Farmington cafeteria workers went before the Board of Education Monday night, making a last plea for their jobs on a night when the board considered two companies for outsourcing the district’s food service operations.
About a dozen women crowded into the meeting, held in the Farmington High School library, to speak during the board’s public comment period. They stood alongside an equal number of suited representatives of the food service companies.
Most explained how the children they serve are like family to them.
"At the cafeteria, I see almost all the children every day,” said Lori Manyak. “They come through the line and it’s important they see a friendly face. We all care about all the children. Most of us had children and grandchildren in the schools. I wish you could see how hard we work.”
She also said she wished the employees, who work for the school district, could have been given more notice to get their finances in order.
The workers were told in meetings with administrators about six weeks before the end of school that the district would be putting cafeteria services out to bid to explore cost-saving options. Over the past two years, administrators say, Farmington school cafeterias have lost $110,000 — $55,000 each year.
Director Janet Calabro had tried a number of different tactics to try to increase revenue, including abandoning a grant program that mandated healthy offerings, introducing new menu options and opening a store in the Farmington High School café. None have succeeded in reversing the loss.
Sharon Bonini, the manager at West Woods Upper Elementary grew up in Farmington, as did her parents, grandparents and children. She opened the West Woods cafeteria when the school was built 10 years ago and managed East Farms prior to that. She assured the board that with the right leadership, the program could be righted.
“I take great pride in my work for the town, schools and children I serve,” she said. “Private vendors often cut corners to increase profits in the meals they serve – we don’t do that. I don’t believe any private vendor will give our students better service than we do… I understand it’s impossible to keep running in a deficit but there are many changes we can make as a department… cutting hours, even maybe possibly a few positions.”
Her mother, Diane Turner, said she had spent 25 years at Farmington High School and the past 15 years at Irving A Robbins.
“Many of our kitchen employees also have children in the Farmington school system, which makes us more like family than just workers. The students are all our friends and our neighbors – we care deeply for them, like family – they’re not just business. At the last meeting …I was very impressed by how much the board cares for the students and takes care of them, I ask you don’t fail them by bringing in a food service place. Give us another chance,” Turner said.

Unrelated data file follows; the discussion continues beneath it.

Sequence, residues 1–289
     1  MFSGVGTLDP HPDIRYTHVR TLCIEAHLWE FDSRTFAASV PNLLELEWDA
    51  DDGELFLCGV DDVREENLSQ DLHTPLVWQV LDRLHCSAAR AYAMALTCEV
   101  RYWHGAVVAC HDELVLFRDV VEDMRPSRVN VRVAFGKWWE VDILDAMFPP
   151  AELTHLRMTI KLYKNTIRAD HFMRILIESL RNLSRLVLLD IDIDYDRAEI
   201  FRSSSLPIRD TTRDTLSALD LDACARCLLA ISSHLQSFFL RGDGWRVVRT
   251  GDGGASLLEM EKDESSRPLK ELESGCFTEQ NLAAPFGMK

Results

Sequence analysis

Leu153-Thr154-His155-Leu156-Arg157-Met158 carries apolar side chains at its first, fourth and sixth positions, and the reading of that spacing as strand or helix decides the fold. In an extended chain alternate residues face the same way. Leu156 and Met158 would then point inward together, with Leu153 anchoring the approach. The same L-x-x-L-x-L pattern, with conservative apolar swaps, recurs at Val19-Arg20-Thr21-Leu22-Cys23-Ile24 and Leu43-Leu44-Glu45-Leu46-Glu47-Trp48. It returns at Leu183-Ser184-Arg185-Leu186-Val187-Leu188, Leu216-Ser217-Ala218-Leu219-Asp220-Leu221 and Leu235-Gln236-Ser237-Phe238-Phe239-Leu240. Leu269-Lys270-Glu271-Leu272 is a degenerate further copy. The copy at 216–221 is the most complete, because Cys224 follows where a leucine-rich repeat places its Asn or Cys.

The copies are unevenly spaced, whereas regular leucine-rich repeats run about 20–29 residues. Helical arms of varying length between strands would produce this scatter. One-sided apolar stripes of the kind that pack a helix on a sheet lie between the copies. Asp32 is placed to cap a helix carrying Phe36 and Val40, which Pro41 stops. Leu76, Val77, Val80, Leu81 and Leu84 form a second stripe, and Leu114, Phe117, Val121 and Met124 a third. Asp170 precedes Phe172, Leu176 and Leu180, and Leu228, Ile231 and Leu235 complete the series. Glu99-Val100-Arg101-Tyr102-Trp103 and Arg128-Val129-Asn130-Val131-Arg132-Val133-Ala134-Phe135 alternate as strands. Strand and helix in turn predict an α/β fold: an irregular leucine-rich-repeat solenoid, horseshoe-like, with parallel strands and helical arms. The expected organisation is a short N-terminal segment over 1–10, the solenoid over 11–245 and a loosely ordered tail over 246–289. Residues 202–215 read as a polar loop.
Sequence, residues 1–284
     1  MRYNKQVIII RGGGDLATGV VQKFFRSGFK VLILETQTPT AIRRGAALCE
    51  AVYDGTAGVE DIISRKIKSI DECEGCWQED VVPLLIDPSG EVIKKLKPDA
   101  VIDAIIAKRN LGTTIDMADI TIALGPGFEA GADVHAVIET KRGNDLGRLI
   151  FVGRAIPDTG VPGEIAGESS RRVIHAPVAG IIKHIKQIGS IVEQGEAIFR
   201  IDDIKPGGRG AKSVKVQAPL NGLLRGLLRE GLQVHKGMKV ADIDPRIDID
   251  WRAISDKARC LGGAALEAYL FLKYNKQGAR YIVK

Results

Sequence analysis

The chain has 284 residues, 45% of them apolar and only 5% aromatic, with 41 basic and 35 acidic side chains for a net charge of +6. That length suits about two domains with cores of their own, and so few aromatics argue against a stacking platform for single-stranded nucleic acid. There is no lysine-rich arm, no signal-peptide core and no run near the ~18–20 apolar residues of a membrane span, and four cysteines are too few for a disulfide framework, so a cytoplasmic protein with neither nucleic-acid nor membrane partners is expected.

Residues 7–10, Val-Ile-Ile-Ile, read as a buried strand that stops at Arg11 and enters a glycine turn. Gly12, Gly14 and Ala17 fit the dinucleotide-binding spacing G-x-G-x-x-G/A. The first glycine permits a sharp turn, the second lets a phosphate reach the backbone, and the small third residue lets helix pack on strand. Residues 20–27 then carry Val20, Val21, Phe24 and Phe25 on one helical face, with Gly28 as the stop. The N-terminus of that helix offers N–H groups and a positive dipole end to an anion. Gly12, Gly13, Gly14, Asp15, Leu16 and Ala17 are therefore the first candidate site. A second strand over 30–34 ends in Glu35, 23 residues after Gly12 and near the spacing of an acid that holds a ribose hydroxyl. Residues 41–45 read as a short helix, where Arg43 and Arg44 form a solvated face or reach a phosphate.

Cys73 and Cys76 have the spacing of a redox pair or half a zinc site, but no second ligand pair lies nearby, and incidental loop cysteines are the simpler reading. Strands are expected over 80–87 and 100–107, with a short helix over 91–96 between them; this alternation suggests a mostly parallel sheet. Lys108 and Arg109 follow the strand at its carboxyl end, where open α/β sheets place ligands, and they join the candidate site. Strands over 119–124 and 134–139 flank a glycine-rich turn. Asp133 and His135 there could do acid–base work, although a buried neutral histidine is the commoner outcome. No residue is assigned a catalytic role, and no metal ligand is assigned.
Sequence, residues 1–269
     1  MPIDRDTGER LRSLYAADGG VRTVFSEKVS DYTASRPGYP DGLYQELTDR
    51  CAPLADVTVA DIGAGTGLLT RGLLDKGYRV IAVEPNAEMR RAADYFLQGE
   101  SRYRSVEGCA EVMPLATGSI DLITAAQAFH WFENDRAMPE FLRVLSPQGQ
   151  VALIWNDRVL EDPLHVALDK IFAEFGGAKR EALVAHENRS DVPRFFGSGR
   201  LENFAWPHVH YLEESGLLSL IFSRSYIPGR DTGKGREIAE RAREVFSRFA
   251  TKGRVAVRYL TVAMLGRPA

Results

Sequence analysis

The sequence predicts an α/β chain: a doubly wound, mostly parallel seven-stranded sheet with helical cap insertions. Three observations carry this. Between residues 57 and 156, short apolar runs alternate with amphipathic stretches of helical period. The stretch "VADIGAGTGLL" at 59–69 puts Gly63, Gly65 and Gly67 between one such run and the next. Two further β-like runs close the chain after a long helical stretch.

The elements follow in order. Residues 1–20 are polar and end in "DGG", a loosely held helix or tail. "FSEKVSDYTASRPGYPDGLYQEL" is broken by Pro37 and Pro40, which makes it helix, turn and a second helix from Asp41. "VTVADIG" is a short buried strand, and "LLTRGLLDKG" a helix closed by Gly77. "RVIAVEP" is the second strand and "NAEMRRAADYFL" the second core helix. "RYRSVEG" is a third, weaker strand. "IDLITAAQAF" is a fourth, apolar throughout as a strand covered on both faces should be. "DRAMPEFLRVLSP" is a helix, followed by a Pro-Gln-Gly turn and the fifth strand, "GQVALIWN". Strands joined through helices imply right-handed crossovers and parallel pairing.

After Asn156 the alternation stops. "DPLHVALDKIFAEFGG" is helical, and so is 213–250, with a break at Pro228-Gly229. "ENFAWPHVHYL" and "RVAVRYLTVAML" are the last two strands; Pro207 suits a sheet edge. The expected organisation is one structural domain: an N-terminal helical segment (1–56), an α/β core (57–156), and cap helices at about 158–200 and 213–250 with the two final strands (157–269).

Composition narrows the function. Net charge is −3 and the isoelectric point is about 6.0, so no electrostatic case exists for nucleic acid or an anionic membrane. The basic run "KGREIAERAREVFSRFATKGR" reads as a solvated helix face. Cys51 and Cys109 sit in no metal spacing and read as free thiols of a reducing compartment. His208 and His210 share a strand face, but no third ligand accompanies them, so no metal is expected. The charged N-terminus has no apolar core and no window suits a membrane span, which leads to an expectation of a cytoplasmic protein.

Board Chairman Mary Grace Reed told the women the decision to look for an outside vendor was not a reflection on their work.
“You’ve absolutely not failed us. I don’t want you to walk out of this room for a moment and think the love you have given to our students and the concern and effort you put into the product you put before them is not meaningful,” Reed said, noting that the combined total of their years of services would be in the hundreds.
“We are in an extremely challenging situation with our budget. We cannot just go in and say to the Town Council that we’re going to have a $50,000 deficit in our cafeteria budget… They would not allow us to run a deficit and fund it.”
Reed said she had heard rumors that the board had already made a decision, which she said was absolutely untrue. She also said the board was not looking to lay blame for the deficit.
Superintendent Kathleen Greider explained that the problem was systemic and not the fault of the workers.
“We truly respect and honor your service here in Farmington,” Greider said. “I don’t ever want you to think this has anything to do with you as our employees. This is a system problem we had and certainly your employment is part of our deliberations. We have to find a way to honor all of you and remedy a system problem that we are facing. We can not run this program as it is currently being run. We have a fund balance that is being depleted and after this year we are in a crisis situation.”
Though the board met for several hours in executive session and heard from two food service companies, members did not make a decision, though they met until after midnight. A special meeting will be held, tentatively scheduled for June 26, to take action on the issue.